By BullRun | Adobe Stock
March 13th was the day we had to shut down in Rhode Island. We always had webinars on our to-do list, and the shutdown forced our hand. Our first was March 16, and since then we’ve been doing them consistently three times a week on different topics at different times of day. Here are some tips for success:
1] Don’t just think about leads...
Ultimately, we want to help elevate contractors’ brands, so we structured our webinars to be as educational as possible. If they leave here smarter than they were in the beginning, that’s the goal.
2] ...But generate leads
In terms of leads, we’re at around 25-30% on average. There was some warm up time for lead generation, but now there are people who came to our first webinars—who were in no way ready to have those conversations then—reaching back out and saying, “Hey, can we have that in-depth conversation now?”
3] Saturday mornings are best
We’ve been doing in-showroom workshops for a long time, and always noticed that Saturday mornings draw the best attendence. When we first started with webinars, we figured that people were at home and starving for content. We thought it would be great to have weekday virtual coffee breaks and happy hours. Those worked to a certain extent, but we found that Saturday morning remains the best day and time. We will still offer something shorter, like 30 minutes, during the week, but we reserve longer webinars with in-depth conversations for Saturday.
4] Limit the number of attendees
Before the pandemic, we would cap our in-person events at 25 in order to give people the attention that they need and facilitate real conversations. Any more people than that made it challenging for us, and we’ve found it is the same way with webinars. Our virtual sweet spot is 12 to 15 people.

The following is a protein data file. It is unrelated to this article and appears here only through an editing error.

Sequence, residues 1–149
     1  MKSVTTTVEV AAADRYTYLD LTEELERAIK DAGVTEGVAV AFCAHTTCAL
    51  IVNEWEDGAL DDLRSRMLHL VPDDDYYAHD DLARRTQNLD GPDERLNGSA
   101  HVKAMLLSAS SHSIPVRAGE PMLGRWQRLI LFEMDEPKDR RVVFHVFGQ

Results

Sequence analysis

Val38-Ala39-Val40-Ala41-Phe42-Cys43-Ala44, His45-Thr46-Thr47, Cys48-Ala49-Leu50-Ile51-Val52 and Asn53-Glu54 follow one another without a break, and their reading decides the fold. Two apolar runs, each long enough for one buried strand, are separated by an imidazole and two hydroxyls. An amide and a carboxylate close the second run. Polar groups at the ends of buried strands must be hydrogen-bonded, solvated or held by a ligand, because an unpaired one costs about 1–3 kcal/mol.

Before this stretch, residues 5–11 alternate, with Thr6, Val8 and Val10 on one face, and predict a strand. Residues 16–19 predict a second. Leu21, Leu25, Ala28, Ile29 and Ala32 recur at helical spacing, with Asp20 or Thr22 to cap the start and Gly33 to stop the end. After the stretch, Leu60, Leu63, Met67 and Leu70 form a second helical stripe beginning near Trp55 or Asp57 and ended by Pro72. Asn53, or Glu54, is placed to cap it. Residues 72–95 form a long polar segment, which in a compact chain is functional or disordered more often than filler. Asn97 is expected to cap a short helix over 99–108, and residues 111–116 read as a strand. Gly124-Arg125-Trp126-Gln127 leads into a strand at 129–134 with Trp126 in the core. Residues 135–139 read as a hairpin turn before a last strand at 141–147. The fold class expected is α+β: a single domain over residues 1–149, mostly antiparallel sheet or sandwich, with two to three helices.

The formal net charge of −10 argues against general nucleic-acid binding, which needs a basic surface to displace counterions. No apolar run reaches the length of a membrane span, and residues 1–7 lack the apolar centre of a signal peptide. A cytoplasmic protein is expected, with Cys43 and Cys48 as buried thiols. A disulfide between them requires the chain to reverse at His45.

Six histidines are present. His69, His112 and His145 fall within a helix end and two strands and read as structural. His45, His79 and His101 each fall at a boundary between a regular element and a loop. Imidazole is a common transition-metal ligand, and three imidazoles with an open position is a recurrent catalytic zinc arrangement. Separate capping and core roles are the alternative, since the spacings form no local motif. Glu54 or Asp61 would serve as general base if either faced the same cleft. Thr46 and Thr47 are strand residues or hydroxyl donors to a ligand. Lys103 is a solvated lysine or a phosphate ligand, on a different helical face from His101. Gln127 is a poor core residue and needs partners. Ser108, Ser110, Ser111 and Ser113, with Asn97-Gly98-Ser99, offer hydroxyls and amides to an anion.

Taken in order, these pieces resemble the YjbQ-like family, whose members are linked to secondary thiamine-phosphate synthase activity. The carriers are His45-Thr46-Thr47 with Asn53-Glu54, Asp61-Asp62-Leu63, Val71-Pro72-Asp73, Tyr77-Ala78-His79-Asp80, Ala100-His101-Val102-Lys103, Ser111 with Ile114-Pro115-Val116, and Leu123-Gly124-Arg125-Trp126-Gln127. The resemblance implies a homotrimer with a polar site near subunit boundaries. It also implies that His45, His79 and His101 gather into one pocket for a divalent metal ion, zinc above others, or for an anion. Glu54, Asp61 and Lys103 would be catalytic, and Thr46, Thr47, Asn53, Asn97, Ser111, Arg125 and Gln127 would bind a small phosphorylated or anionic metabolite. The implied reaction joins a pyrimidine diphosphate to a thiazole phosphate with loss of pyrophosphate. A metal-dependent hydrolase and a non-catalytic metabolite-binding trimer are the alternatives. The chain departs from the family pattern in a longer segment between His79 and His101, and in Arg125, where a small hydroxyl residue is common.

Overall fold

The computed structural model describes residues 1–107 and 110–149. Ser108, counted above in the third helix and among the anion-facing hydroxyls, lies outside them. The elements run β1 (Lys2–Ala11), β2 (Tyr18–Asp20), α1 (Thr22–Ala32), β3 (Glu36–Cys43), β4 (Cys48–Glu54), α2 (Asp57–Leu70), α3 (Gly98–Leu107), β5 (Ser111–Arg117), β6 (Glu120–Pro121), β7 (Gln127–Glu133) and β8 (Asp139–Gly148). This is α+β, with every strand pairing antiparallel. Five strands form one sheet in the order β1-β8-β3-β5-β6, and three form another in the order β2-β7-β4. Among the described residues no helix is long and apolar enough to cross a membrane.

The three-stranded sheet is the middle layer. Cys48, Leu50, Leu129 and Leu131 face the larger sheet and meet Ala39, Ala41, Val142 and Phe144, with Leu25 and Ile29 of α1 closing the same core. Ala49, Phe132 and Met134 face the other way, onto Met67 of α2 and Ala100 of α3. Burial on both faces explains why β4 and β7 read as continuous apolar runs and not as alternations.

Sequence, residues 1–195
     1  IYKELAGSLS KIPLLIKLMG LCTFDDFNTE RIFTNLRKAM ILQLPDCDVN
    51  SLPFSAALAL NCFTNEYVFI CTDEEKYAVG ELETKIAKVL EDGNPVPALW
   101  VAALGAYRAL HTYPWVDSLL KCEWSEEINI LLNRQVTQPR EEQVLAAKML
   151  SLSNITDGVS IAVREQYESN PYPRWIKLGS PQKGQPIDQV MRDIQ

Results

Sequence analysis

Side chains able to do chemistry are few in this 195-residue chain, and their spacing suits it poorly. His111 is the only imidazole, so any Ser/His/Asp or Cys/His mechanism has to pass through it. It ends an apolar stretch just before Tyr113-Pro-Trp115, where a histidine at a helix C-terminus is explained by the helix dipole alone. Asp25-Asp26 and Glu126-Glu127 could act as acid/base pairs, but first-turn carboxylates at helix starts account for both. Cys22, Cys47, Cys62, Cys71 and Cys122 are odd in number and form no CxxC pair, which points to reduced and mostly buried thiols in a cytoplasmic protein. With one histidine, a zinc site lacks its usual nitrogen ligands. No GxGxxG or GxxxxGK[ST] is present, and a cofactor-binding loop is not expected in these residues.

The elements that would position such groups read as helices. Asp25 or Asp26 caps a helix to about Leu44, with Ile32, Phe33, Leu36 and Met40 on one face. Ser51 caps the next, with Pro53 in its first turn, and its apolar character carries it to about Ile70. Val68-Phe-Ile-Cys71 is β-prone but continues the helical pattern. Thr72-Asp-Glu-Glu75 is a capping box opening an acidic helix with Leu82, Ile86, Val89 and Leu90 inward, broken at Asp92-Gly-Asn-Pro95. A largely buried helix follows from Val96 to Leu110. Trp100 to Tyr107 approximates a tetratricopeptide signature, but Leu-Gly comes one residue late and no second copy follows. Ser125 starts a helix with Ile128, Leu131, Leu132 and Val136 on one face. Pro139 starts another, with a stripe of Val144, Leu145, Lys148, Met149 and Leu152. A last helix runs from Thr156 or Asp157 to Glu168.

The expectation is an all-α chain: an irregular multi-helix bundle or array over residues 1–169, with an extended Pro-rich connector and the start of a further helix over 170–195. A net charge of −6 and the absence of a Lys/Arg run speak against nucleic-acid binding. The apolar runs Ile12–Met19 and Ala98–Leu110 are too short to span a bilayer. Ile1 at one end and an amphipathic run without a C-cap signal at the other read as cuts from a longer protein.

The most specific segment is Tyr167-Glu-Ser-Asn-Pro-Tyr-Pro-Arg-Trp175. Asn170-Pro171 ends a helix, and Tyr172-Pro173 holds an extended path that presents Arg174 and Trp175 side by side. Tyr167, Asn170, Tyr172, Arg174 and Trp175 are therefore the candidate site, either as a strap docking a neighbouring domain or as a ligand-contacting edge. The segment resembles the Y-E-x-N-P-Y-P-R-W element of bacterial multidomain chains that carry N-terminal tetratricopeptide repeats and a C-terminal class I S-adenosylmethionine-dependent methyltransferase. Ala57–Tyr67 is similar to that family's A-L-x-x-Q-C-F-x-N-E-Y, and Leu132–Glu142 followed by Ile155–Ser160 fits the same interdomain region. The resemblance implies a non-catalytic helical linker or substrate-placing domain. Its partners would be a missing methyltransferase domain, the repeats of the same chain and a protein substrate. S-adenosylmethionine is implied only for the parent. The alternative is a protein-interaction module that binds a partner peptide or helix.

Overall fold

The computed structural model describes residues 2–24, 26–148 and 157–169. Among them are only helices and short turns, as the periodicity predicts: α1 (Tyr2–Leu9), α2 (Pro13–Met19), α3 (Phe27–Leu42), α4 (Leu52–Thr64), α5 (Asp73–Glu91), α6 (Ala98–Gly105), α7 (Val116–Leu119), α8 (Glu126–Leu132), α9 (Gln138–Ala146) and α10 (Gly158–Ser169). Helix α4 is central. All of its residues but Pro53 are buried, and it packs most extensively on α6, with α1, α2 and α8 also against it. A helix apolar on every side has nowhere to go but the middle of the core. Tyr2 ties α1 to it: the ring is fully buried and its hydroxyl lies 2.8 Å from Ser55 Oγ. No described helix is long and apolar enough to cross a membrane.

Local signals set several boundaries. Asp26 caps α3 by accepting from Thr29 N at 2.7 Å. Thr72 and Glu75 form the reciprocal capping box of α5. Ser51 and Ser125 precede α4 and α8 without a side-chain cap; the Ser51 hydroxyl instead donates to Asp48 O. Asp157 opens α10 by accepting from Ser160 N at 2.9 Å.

5] Develop a process that works for you
As we’ve gotten better at hosting, we’ve changed the dynamic of the moderators. For us, a team works better than a single presenter. That way, one person can be monitoring the chat and throw any questions or comments up to the other presenter, like “Hey, Jan has a question. Why don’t we jump on that before going to the next topic?” If anything gets too in depth or off topic, we say, “Let’s setup a call after this and do a deeper dive.” That personalized, real-time attention is really engaging and makes people feel like they’re important.
The National Association of the Remodeling Industry (NARI) is a medium for business development, advocacy and industry education. NARI connects homeowners with its professional members and today has 44 chapters nationwide. go to NARI.org.